Half of the fighter planes in Europe will have been built by Lockheed-Martin in 2035.

With the announcement of an upcoming order for 48 F-35A fighter jets by Romania, Lockheed-Martin secures a dominant position within European fighter fleets by 2035, when it will equip more than three quarters of the air forces of the old continent at that date.

This appetite of the European air forces for American fighters, while three aircraft manufacturers produce quality fighters on its soil, cannot be satisfied with the sole explanations articulated around the usual suspects, namely the dependence on US protection and American technologies.

In this context, how can we explain the success of American fighters in Europe, including with the air forces of countries participating in the construction of European fighters? Is it possible to act to contain or limit this phenomenon in the decades to come?

Romania to order 48 F-35As from Lockheed-Martin

After the Netherlands, Italy, Poland and 8 other European countries, Romania will turn to the Lockheed-Martin F-35 fighter to modernize its air force. According to a document distributed yesterday by specialized Romanian sites, Bucharest plans to acquire 48 aircraft in two phases.

The first, which would begin by the end of the year, would involve 32 aircraft, or two fighter squadrons, for a budget of $6,5 billion, and will also include all of the systems necessary for implementation. of this new hunter.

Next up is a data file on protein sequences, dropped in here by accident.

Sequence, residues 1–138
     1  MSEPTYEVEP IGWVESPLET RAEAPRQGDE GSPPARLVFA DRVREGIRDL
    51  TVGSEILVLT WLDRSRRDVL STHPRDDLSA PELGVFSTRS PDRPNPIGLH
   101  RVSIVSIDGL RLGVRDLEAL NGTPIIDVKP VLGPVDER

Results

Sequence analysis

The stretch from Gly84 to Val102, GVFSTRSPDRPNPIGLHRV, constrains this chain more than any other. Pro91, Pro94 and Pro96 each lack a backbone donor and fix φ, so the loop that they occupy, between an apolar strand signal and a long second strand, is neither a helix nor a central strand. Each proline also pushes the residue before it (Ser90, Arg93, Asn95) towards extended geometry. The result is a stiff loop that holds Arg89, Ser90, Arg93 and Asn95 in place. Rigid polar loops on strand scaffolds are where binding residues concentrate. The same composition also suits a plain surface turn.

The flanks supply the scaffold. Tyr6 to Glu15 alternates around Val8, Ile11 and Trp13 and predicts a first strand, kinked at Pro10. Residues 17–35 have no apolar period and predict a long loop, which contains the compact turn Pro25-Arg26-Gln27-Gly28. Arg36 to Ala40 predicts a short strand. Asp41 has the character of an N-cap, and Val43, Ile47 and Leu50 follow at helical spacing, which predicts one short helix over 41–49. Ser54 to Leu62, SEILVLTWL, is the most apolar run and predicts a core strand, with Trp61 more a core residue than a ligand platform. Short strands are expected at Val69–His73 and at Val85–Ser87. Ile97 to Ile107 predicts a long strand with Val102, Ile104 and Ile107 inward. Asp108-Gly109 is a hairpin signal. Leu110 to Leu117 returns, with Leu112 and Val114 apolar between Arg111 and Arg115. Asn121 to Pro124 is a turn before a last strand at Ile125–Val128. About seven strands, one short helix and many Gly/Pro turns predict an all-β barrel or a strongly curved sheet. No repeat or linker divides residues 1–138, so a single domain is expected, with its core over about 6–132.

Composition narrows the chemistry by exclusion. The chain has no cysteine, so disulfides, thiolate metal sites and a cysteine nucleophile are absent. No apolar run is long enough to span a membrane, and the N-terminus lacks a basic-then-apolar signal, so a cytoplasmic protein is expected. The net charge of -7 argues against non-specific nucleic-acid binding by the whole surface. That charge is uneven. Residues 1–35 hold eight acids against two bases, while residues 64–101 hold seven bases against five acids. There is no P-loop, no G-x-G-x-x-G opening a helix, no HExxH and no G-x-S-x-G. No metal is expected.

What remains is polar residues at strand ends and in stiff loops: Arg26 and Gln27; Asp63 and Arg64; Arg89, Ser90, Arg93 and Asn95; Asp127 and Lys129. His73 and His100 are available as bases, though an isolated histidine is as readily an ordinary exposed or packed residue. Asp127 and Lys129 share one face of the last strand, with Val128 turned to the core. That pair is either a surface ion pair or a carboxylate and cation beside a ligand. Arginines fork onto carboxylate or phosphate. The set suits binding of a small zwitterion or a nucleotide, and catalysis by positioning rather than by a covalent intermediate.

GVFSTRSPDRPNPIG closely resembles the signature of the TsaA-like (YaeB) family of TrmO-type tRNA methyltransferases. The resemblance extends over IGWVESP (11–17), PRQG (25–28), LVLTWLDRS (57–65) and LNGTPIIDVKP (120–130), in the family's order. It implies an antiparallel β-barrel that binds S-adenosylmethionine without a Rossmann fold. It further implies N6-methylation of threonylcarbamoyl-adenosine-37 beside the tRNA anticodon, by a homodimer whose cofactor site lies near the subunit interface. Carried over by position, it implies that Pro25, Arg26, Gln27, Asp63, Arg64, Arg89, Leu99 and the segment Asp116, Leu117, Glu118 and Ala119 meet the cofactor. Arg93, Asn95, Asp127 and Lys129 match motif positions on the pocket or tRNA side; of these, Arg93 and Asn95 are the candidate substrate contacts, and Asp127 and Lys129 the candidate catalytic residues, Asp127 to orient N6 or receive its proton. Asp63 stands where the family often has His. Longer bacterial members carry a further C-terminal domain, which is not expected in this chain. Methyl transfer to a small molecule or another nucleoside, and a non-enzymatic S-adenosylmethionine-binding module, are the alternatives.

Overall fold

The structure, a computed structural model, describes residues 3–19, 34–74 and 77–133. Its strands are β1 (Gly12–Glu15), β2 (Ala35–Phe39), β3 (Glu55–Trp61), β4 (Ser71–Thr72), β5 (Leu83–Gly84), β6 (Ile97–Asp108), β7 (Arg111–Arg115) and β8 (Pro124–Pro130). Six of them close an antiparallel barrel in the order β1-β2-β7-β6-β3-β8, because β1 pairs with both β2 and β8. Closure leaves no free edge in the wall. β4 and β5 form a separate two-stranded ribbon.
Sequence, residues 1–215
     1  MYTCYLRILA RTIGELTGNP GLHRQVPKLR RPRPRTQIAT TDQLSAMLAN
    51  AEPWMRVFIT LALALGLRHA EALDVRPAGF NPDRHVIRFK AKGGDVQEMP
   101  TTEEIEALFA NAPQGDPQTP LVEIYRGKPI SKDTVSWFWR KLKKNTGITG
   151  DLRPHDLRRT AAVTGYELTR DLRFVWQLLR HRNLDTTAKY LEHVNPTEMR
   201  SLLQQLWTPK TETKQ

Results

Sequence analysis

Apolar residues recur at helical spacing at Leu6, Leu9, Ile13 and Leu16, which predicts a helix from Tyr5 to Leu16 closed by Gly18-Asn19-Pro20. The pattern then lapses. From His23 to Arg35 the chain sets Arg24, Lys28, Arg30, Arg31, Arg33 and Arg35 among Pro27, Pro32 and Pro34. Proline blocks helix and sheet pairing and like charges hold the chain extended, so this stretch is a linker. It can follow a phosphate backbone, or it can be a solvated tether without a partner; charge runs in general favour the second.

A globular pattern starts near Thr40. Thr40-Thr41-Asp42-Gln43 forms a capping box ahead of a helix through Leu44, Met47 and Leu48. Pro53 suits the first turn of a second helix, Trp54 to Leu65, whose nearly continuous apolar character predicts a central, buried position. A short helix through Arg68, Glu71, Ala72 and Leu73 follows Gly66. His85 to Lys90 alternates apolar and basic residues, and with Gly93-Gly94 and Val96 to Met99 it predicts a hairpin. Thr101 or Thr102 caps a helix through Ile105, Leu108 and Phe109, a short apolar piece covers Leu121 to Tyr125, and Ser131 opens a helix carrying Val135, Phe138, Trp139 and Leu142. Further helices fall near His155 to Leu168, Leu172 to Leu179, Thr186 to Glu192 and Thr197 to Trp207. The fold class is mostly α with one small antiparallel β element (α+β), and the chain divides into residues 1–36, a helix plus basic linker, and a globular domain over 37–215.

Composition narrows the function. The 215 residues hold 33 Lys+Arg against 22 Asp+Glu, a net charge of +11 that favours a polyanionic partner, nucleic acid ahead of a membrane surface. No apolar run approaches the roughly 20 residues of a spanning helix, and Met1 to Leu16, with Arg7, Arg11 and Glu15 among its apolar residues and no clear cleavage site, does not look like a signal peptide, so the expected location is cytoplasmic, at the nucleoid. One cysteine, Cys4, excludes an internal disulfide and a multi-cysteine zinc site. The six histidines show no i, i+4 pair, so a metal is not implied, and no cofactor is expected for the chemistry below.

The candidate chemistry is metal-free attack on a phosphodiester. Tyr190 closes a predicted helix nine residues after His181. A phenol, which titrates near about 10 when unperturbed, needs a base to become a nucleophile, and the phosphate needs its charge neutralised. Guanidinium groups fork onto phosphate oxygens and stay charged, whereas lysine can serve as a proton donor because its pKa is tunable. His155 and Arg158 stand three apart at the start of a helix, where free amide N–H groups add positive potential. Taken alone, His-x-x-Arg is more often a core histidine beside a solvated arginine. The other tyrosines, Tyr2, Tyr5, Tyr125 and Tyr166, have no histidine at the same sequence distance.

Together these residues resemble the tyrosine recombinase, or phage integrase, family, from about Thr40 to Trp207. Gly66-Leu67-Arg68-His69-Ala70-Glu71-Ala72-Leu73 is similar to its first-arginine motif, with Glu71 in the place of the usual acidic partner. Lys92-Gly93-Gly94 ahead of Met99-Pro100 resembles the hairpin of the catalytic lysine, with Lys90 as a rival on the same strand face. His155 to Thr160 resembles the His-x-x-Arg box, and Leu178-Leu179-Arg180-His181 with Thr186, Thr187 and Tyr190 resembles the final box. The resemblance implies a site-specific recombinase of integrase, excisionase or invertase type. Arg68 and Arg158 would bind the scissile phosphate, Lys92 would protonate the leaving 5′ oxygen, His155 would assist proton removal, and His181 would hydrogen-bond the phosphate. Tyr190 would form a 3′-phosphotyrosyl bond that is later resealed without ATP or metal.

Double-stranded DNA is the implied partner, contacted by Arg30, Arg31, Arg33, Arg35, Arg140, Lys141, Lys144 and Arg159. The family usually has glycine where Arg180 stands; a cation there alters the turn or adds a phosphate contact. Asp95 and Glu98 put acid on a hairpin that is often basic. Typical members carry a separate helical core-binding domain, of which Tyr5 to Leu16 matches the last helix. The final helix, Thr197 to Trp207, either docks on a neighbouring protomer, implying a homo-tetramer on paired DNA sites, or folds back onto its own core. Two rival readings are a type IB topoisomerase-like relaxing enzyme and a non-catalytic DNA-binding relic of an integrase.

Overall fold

F-16 Romania
The F-35s which will be ordered by Romania will replace the second-hand F-16s recently acquired by Bucharest as an interim solution.

A second phase involving 16 additional F-35As, i.e. a 3rd squadron, and considered very significantly less expensive, will be launched subsequently. This will probably involve replacing the F-16C/Ds acquired second-hand, and whose operational lifespan remains limited.

This is another major success for Lockheed-Martin and its F-35 in Europe, while other air forces (Spain, Czech Republic and Greece) should also announce an order for the American fighter.

The over-representation of American fighter planes in Europe in 2035

The fact is, according to the information known to date, 12 to 14 of the 20 European air forces implementing a fighter fleet should be partially or fully equipped with F-35 A and B in 2035.

This range reaches 15 to 17 when the F-16, also from Lockheed-Martin, is taken into consideration. In total, 75% and 85% of European air forces will use fighters designed and manufactured by Lockheed-Martin in 2035.

More than 50% of Lockheed-Martin fighters in Europe